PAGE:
New Material

New Material taps into the bewildering contradictions woven into our human experience.


We are beset by contradictions. Our lives are full of them on both individual and collective scales. Some are willful, and some imposed. The inconsistencies, imperfections, and paradoxes amass with impunity, to the point where it often feels like our lived experience is something excruciatingly squeezed out of the clash between various opposing forces.

Take, for example, the conflict between stasis and change. It’s housed in our relentless march of progress that’s continually stymied by socio-political discord and inaction. In how the natural world is changing violently, yet our complicity in it proceeds unchanged. In how we can long for a change in scenery or fortune, yet simultaneously crave for things to stay the way they are; in how we can feel utterly trapped by our nature, locked into our self-destructive habits despite our body’s continuous maturation. It’s a horrifying, exhausting run-around that both sustains our experience and often makes it seem unendurable. It’s also the engine that propels New Material, the newest release from Calgary’s Preoccupations.

The conflict can be heard right from the opening salvo “Espionage”. Over the repetitive rhythm of the bridge, bassist and vocalist Matt Flegel utters, “change is everything, changing everything, changes everything”, while an additional vocal line, “but it’s nowhere to be found”, plays alongside. These duelling lyrical sentiments clash and meld together, capturing the utterly perplexing ways in which stasis and change can drag us forward, pull us apart, run us in circles, all while keeping us rooted in place. This trend in the lyrics continues: over the taut, wiry rhythms of “Decompose”, Flegel croons, “for better for worse we are cursed in the ways we tend to be”, arguing for how our choices can continue to define us even as our lives dwindle down. On “Manipulation”, we cyclically “charm and betray, ruin and replay, seduce and deceive, destroy and repeat”; on “Doubt”, our “cells divide and multiply and multiply, and we can’t help ourselves”, and we are locked into recursive patterns of unchecked growth and division.

The pervading sense of duality can be heard in the music as well. While it’s mostly measured, minimal, and brilliantly controlled, it’s not hard to hear the pent-up desperation simmering beneath its surface, begging to be unleashed. When the chromed-out, mechanized exterior of these songs falls away, and the band allows this desperation to bubble over, the results are stunning. “Disarray” is the sound of a besieged mind warring against itself.  Flegel’s vocals reverberate against a delicate wall of dramatic guitar leads, resulting in the band’s most earnest, emotionally jarring piece of music to date. Elsewhere, the compositions progress logically from the sounds Preoccupations have cultivated on their previous albums. New Materialis not so much an exercise in musical evolution as it is an effort to plumb deeper into foundational aesthetics. The band’s brooding, ominous atmosphere remains, it’s just deconstructed and thrown into starker relief.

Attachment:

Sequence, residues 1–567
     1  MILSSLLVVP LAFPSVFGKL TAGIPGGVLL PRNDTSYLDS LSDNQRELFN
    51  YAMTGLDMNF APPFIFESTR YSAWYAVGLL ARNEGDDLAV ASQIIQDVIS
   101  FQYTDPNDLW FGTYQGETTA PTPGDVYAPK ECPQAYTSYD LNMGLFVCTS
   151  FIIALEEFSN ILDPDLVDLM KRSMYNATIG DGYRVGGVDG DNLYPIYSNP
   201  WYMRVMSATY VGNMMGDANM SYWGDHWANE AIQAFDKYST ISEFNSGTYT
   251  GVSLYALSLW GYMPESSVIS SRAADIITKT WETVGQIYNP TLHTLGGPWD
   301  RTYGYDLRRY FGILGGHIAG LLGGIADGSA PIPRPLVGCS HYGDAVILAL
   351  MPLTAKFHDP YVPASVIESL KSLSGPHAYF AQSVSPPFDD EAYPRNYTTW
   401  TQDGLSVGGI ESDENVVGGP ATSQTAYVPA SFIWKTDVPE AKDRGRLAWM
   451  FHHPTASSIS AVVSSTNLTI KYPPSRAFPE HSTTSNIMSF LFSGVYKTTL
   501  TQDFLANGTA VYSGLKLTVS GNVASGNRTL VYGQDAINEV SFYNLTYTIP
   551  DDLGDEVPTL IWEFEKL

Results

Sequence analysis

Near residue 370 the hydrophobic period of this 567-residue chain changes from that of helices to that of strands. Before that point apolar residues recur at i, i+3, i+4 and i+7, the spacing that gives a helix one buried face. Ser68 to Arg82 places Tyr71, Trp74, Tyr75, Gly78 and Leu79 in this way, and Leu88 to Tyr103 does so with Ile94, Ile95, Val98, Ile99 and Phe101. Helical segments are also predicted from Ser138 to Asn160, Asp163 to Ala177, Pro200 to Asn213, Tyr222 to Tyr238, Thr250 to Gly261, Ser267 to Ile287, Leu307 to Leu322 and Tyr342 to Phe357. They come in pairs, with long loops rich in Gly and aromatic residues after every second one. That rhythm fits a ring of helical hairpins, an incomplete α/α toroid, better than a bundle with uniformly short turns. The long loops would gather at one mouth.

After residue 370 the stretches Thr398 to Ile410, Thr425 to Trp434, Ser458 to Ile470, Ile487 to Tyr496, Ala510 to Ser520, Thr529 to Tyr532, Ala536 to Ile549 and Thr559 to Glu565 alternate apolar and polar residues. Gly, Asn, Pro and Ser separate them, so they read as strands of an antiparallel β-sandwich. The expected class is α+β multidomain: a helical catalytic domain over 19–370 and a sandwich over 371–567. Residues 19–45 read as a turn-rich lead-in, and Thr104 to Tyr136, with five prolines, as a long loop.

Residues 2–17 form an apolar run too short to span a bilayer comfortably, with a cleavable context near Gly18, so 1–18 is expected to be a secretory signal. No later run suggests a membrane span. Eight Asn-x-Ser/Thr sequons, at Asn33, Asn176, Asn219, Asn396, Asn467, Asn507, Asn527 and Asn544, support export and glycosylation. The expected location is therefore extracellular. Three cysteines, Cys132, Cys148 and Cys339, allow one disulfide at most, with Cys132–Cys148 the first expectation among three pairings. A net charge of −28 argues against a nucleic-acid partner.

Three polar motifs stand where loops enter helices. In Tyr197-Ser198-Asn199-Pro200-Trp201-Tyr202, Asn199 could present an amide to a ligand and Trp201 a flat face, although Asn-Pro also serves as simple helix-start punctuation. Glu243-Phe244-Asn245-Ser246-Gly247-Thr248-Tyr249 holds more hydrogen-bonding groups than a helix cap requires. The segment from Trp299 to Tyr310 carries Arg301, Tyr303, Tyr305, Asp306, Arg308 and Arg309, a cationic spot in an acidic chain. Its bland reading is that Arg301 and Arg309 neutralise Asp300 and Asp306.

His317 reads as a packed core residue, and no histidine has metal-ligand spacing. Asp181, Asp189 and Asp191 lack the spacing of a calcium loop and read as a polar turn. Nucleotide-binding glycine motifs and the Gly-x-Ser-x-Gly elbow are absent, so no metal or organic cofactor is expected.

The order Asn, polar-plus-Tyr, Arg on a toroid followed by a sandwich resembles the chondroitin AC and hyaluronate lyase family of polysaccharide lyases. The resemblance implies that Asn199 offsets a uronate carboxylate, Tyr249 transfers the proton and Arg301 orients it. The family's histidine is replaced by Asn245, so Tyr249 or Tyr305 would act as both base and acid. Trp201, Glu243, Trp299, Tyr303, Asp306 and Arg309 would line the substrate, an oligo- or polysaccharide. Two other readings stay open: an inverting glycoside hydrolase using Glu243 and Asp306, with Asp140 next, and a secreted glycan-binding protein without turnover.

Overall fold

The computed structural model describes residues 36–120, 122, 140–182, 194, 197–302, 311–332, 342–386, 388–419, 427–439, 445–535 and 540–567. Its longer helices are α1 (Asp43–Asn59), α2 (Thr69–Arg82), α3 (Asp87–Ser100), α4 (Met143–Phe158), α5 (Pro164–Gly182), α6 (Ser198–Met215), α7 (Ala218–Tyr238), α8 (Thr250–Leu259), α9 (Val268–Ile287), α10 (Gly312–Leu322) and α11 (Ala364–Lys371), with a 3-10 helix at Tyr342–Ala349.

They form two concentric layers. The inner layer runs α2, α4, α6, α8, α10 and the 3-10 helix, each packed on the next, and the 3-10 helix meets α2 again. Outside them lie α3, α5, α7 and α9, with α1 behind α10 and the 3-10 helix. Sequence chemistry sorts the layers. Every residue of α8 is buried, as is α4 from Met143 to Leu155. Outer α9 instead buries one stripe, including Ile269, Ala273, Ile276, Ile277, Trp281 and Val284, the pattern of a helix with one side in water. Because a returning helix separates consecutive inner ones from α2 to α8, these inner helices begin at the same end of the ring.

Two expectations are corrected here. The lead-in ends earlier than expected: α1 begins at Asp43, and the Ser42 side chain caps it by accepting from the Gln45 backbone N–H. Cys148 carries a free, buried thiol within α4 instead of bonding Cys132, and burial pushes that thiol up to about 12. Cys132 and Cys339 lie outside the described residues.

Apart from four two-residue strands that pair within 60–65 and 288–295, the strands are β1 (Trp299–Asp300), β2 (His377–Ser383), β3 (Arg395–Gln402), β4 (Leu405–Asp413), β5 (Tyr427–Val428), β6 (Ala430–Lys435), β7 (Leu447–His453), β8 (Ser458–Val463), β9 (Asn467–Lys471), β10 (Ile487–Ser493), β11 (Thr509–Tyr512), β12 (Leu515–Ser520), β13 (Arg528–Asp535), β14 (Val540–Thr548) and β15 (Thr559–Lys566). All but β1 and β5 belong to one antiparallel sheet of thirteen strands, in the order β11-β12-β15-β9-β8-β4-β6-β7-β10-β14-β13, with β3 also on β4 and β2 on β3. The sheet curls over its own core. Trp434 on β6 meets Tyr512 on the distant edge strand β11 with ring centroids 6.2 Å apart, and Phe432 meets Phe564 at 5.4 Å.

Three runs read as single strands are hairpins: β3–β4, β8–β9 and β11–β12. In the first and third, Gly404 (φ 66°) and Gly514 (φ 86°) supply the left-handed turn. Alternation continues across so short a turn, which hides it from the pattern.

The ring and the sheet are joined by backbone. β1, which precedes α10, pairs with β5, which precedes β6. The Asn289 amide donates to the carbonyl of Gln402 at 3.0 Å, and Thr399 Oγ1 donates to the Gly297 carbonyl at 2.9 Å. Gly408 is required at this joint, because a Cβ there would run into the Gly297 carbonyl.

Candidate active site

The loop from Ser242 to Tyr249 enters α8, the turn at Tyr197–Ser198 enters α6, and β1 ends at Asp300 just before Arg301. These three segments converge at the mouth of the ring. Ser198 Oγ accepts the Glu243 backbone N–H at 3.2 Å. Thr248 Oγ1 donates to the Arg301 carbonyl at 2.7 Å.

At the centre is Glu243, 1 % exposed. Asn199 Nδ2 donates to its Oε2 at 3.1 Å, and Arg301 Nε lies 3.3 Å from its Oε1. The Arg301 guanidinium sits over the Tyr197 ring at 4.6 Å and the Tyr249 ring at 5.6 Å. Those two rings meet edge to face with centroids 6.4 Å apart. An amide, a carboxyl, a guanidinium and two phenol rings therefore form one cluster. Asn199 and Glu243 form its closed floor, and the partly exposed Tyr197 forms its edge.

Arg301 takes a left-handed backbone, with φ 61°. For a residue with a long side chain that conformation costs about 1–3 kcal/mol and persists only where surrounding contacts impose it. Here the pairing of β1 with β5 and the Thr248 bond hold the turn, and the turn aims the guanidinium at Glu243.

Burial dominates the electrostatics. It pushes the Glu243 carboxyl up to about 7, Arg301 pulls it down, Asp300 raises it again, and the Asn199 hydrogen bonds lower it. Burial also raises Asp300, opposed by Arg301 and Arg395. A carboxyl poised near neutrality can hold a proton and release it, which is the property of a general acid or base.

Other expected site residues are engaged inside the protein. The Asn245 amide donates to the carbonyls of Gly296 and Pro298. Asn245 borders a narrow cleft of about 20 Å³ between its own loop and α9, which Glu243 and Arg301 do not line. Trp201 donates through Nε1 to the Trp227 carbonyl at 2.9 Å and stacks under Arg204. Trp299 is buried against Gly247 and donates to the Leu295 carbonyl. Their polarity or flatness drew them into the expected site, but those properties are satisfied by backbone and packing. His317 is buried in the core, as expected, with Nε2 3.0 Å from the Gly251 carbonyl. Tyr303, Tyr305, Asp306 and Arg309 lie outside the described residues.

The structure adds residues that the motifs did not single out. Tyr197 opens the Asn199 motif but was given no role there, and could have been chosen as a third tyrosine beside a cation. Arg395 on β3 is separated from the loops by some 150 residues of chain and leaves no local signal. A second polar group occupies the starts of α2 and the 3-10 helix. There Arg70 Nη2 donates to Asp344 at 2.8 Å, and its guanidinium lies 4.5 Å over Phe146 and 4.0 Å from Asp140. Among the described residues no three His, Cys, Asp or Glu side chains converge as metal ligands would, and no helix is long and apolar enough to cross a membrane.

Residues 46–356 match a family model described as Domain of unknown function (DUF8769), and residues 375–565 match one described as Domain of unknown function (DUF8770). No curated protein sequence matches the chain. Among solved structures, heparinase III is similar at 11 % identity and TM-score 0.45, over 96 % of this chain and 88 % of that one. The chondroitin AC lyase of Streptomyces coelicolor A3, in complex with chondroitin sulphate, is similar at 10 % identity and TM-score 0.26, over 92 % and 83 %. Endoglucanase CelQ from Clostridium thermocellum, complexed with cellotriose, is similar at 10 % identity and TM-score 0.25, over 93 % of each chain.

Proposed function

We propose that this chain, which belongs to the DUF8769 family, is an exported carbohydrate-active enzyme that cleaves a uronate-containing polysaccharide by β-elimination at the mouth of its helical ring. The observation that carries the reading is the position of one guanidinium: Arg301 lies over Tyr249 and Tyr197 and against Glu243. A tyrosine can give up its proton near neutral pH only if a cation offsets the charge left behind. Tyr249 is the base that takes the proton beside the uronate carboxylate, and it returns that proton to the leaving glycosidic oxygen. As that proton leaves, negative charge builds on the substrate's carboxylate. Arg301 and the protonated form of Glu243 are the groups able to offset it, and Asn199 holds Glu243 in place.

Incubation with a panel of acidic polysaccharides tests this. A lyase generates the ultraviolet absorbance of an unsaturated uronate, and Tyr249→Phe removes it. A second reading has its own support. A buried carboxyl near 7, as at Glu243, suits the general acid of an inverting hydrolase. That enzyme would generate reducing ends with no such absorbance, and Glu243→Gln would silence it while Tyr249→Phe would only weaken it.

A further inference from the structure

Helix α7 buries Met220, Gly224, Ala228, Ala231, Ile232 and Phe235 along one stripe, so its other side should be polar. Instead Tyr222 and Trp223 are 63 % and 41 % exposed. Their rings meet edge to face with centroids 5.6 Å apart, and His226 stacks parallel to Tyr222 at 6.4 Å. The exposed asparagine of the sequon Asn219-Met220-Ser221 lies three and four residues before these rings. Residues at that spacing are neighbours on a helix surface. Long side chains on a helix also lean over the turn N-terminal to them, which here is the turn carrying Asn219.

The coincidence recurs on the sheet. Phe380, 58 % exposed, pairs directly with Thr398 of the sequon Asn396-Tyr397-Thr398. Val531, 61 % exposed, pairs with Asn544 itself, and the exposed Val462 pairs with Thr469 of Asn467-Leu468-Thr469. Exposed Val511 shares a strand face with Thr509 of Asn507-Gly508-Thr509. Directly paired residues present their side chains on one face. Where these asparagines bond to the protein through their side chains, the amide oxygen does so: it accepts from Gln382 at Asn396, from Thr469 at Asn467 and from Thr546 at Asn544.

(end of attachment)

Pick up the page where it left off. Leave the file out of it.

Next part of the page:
Flegel has said in a statement that New Material is “an ode to depression and self-sabotage and looking inward at yourself with extreme hatred.” While that may sound like an overtly negative sentiment, it translates into a record that strives for emotional efficacy over anything else. It’s replete with earnest meditations on living with the self in its entirety, including the parts we obscure, construct, despise, and we wish we could change. When the album appears defeatist and morose (“to live is to suffer again and again”; “I don’t want this, no one wants this anymore”), it merely seeks to remind us of our common struggles that often seem impossible to overcome — staying decent in the face of cynical apathy; staying human in the face of inhumanity; remaining humble before a physical world that we’ve grown increasingly alienated from.

Preoccupations has made a record that taps into, and unmistakably laments, the bewildering contradictions woven into our experience. However, in doing so, the band reveal these inconsistencies as essential, inescapable provisos of being human. To isolate ourselves from this fact is to block out any understanding of how to move forward. New Material commits itself to crawling through a mire of unsettling truths in an attempt to arrive bruised and battered at some kind of redemption.

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